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The Beatles Albums- Nowhere Man

The Beatles – Nowhere Man (live!)

 

The Beatles Nowhere Man (Live In Japan)

 

 

Written by: John Lennon (100%) (credited as Lennon-McCartney)
Recorded: October 21, 1965; October 22, 1965 (Studio 2, Abbey Road Studios, London, England)
Mixed: October 25, 1965; October 26, 1965
Length: 2:30
Takes: 4
Musicians: John Lennon: lead vocals, lead guitar (1961 Sonic Blue Fender Stratocaster), rhythm guitar (1964 Gibson J160E)
Paul McCartney: harmony vocals, bass guitar (1961 Hofner 500/1)
George Harrison: harmony vocals, lead guitar (1961 Sonic Blue Fender Stratocaster)
Ringo Starr: drums (Ludwig)
First released: February 15, 1966 (US: Capitol 5587)
Available on: (CDs in bold)

Nowhere Man Lyrics

 

He’s a real nowhere man
Sitting in his nowhere land
Making all his nowhere plans for nobodyDoesn’t have a point of view
Knows not where he’s going to
Isn’t he a bit like you and me?
Nowhere man please listen
You don’t know what you’re missing
Nowhere man, The world is at your commandHe’s as blind as he can be
Just sees what he wants to see
Nowhere man, can you see me at all
Nowhere man don’t worry
Take your time, don’t hurry
Leave it all till somebody else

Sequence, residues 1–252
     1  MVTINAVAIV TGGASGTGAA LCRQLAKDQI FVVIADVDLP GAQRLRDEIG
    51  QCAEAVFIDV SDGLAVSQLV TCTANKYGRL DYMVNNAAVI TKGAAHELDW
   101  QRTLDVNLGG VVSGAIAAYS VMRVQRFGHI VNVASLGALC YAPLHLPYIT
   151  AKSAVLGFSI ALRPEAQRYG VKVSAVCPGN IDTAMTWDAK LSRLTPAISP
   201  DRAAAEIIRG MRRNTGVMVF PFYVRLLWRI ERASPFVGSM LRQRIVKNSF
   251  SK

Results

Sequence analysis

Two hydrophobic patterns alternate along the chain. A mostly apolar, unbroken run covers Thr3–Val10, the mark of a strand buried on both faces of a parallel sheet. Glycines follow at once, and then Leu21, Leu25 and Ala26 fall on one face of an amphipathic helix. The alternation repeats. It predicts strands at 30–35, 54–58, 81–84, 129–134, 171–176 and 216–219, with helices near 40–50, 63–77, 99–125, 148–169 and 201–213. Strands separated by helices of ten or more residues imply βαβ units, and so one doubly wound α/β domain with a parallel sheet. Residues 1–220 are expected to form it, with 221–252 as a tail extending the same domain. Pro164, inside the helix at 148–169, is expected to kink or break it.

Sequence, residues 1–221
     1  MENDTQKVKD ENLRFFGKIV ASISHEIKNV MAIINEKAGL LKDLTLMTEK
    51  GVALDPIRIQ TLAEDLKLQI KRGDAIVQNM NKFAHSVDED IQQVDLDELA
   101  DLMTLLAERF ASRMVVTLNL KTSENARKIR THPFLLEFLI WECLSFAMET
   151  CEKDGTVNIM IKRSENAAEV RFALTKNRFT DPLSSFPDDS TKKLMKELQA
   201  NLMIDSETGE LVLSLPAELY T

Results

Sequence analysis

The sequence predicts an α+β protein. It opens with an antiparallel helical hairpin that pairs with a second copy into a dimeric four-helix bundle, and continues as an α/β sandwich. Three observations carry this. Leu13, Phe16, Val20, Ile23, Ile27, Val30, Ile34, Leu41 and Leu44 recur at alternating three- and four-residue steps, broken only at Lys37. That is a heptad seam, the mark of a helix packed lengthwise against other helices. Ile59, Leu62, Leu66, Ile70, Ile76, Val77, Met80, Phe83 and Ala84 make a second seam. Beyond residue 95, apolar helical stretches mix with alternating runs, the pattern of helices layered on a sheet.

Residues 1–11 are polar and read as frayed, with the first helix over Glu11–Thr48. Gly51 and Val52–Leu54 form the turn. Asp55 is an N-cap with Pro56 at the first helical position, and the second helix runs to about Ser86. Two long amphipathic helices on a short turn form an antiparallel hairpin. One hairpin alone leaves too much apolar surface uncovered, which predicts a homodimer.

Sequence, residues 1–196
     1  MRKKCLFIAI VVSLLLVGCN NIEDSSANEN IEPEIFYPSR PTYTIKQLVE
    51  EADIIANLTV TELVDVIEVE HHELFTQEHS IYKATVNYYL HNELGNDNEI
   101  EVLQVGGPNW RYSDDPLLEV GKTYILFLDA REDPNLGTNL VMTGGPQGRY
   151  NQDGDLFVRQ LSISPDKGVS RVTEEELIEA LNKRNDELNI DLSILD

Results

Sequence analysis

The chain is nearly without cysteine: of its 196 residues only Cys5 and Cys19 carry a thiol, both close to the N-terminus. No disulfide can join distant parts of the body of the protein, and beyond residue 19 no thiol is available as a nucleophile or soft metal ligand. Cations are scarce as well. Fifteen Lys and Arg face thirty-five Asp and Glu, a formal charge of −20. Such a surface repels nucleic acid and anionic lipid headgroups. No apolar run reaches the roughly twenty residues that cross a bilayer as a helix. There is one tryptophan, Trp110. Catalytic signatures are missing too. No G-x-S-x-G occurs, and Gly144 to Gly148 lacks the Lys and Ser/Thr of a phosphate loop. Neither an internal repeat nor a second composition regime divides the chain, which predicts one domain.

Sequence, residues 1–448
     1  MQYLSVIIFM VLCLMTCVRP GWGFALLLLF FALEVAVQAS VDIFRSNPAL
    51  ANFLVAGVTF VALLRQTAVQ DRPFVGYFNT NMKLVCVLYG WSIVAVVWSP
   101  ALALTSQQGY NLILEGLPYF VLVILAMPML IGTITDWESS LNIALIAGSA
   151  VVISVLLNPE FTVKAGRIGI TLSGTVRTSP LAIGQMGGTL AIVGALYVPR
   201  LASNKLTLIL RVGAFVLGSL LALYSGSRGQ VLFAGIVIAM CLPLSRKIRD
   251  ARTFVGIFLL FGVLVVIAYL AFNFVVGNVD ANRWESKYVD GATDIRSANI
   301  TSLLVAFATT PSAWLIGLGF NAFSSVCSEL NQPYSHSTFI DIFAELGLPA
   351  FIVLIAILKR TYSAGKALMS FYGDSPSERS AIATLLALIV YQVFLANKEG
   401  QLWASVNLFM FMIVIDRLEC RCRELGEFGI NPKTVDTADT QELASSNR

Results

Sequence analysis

Lends you a hand
Ah, la, la, la, laDoesn’t have a point of view
Knows not where he’s going to
Isn’t he a bit like you and me?
Nowhere man please listen
You don’t know what you’re missing
Nowhere man, The world is at your command
Ah, la, la, la, laHe’s a real nowhere man
Sitting in his nowhere land
Making all his nowhere plans for nobody
Making all his nowhere plans for nobody
Making all his nowhere plans for nobody

Nowhere Man:

History and Facts

ohn Lennon wrote this gentle folk-rock ballad in the autumn of 1965 at his home in Kenwood, St. George’s Hill Estate, Weybridge, Surrey.

Just as “Yesterday” mysteriously came to Paul McCartney, “Nowhere Man” simply came to Lennon at dawn after he’d stayed up all night, struggling to come up with a new song for Rubber Soul. He happened upon a phrase, “nowhere man,” which, he felt, described his own fears about himself. “I thought of myself sitting there, doing nothing and getting nowhere,” he later said.

The song, a quasi-biographical composition in the vein of “I’m A Loser” and “Help!,” was recorded on October 22, 1965, after several failed attempts the day before. Apart from its beautiful, ethereal vocal harmonies, the song is also striking for the parts played by McCartney and George Harrison.

Besides gracing the track with his most melodic bass part to date, McCartney was instrumental in wringing an ultra-trebly sound out of Harrison’s and Lennon’s newly acquired Sonic Blue Fender Stratocasters, especially for Harrison’s joyous, verse-based guitar solo.

“We wanted very trebly guitars, which [Stratocasters] are. They’re among the most trebly guitars I’ve ever heard on record,” McCartney said. “The engineer said, ‘All right’ … and we said ‘That’s not enough,’ and he said … ‘I’ve only got one pot and that’s it!’ We replied, ‘Well, put that through another lot of faders and put the treble up on that.”

It can be argued that the high-E harmonic note that ends Harrison’s guitar solo also sounds the death knell for The Beatles’ reliance on their once-ubiquitous Beatlemania-era instruments, namely their Gretsches and Rickenbackers (excluding McCartney’s 4001S, which he’d use well into the late Wings era).

Other Infromation